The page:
This was a very interesting and at times a very humorous talk enjoyed by all.

    An enjoyable buffet lunch followed in the well known Medieval Hall which stands just a few paces away from the Lecture Hall.  With it's interesting historical architecture and quaint approach it made the day even more interesting.   This hall had been built originally as the Deanery for the Cathedral.

    The last speaker of the day was Timothy Jeffery, a sailing journalist and author of The Mumm Champagne Admiral's Cup with foreword by Edward Heath:  "Having competed in three Admiral's Cups and captained the British team twice, I can vouch that the series is second in international yacht racing only to the America's Cup.
    It has built up this position in less than 40 years whereas the battle for the America's Cup has continued for nearly a century and half.
    Long may the Cup remain foremost in British and international yacht racing"
    Sir Edward Heath 1994

    Tim spoke about the aspects not only of the Admiral's Cup but also of the America's Cup as often the well known international skippers had taken part in both.  Alas due to influence of sponsorship and other major races around the globe the Admiral's Cup is no longer competed for and is kept at 20 St. James's Place, London the home of the Royal Ocean Racing Club.  We were very lucky to have the trophy on display at Arundells for the last three weeks and so we would thank the RORC for the privilege of them loaning it as part of the Edward Heath Centenary Celebrations.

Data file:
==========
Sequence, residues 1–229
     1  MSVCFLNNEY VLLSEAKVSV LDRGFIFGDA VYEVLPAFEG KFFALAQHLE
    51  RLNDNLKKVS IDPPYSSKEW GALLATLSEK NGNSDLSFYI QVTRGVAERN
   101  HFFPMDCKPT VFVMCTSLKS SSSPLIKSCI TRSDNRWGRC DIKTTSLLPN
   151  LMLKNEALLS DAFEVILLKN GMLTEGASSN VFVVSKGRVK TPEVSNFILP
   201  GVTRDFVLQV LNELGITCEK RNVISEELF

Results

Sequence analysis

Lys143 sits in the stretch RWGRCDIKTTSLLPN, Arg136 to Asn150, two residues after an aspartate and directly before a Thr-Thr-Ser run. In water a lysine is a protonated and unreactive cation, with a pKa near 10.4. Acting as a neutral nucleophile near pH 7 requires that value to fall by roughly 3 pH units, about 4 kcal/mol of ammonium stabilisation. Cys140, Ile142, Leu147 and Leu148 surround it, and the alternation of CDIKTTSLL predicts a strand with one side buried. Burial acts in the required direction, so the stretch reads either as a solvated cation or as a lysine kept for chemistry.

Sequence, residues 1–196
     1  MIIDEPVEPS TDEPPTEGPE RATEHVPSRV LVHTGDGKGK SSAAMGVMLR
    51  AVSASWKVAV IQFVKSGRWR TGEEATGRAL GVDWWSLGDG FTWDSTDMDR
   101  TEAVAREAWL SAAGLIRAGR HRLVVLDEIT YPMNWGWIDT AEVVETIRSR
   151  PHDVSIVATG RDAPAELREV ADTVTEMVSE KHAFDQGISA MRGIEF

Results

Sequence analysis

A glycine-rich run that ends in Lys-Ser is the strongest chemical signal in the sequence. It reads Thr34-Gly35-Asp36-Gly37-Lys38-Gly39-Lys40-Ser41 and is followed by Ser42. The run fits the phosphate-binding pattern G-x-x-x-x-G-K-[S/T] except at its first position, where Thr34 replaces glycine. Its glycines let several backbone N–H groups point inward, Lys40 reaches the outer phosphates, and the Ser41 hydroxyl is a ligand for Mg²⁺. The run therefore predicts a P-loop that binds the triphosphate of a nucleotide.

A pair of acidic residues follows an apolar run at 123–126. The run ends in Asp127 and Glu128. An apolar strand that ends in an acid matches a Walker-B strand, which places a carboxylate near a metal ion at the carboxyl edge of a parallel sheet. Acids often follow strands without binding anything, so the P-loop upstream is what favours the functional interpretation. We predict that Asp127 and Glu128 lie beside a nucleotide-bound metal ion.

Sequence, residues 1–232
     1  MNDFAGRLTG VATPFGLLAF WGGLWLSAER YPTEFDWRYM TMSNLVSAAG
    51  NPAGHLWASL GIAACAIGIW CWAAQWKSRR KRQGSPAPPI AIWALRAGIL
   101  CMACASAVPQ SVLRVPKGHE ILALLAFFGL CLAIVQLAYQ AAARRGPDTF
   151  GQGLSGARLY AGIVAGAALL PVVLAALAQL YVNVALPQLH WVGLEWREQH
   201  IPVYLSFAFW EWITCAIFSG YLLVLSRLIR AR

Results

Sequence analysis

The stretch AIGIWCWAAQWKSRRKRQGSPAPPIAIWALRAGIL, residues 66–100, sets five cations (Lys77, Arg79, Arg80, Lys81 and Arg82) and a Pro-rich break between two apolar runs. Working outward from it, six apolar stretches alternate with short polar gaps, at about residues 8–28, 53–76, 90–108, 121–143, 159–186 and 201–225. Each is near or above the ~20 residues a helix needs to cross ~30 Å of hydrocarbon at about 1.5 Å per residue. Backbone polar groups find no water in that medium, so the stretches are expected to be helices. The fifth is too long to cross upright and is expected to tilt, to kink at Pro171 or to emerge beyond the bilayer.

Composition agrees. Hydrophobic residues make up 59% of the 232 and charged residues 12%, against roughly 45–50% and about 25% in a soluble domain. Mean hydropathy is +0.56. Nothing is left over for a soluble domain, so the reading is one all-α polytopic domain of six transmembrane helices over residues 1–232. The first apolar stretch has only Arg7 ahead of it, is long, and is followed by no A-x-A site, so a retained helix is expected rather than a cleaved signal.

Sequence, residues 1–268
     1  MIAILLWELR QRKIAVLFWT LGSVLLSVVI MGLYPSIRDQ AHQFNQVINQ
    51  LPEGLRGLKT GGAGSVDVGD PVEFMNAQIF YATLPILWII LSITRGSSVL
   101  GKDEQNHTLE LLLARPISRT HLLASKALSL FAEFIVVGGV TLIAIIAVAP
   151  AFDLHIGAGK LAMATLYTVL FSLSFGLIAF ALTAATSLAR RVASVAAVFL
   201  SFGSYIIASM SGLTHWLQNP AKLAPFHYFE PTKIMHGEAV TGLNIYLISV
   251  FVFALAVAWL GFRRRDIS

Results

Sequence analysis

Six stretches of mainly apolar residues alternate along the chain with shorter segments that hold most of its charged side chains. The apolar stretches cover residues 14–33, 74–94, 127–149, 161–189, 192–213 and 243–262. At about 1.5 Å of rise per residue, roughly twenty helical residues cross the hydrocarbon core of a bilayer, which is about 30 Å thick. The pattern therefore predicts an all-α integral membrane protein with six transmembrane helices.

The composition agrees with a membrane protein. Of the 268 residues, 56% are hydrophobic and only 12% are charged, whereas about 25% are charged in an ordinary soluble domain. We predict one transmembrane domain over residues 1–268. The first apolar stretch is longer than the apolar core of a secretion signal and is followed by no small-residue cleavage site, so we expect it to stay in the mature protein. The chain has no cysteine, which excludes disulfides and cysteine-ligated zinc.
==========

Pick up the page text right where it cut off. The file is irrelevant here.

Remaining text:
To wind up the day all attendees were invited back to Arundells for a tour of the house and gardens.

    Bob Hayes, Vice Chairman
    The Friends of Arundells


                                   From left to Right: Giles Ball,  Bob Hayes,  Pat Boarer,  Lauri Boarer,  Chay Blyth,  Tim Jeffery


                                                              Photo by James Bremridge

    October 2016


    Arundells, the Salisbury home of former Prime Minister Sir Edward Heath, is delighted to announce that the Royal Ocean Racing Club has generously agreed, as part of the Edward Heath Centenary celebrations, to loan the iconic Admiral's Cup trophy to the house.

    It will join unique permanent display of marine models and yachting memorabilia at Arundells from Saturday 22nd October until the end of the visitor season  on 9th November.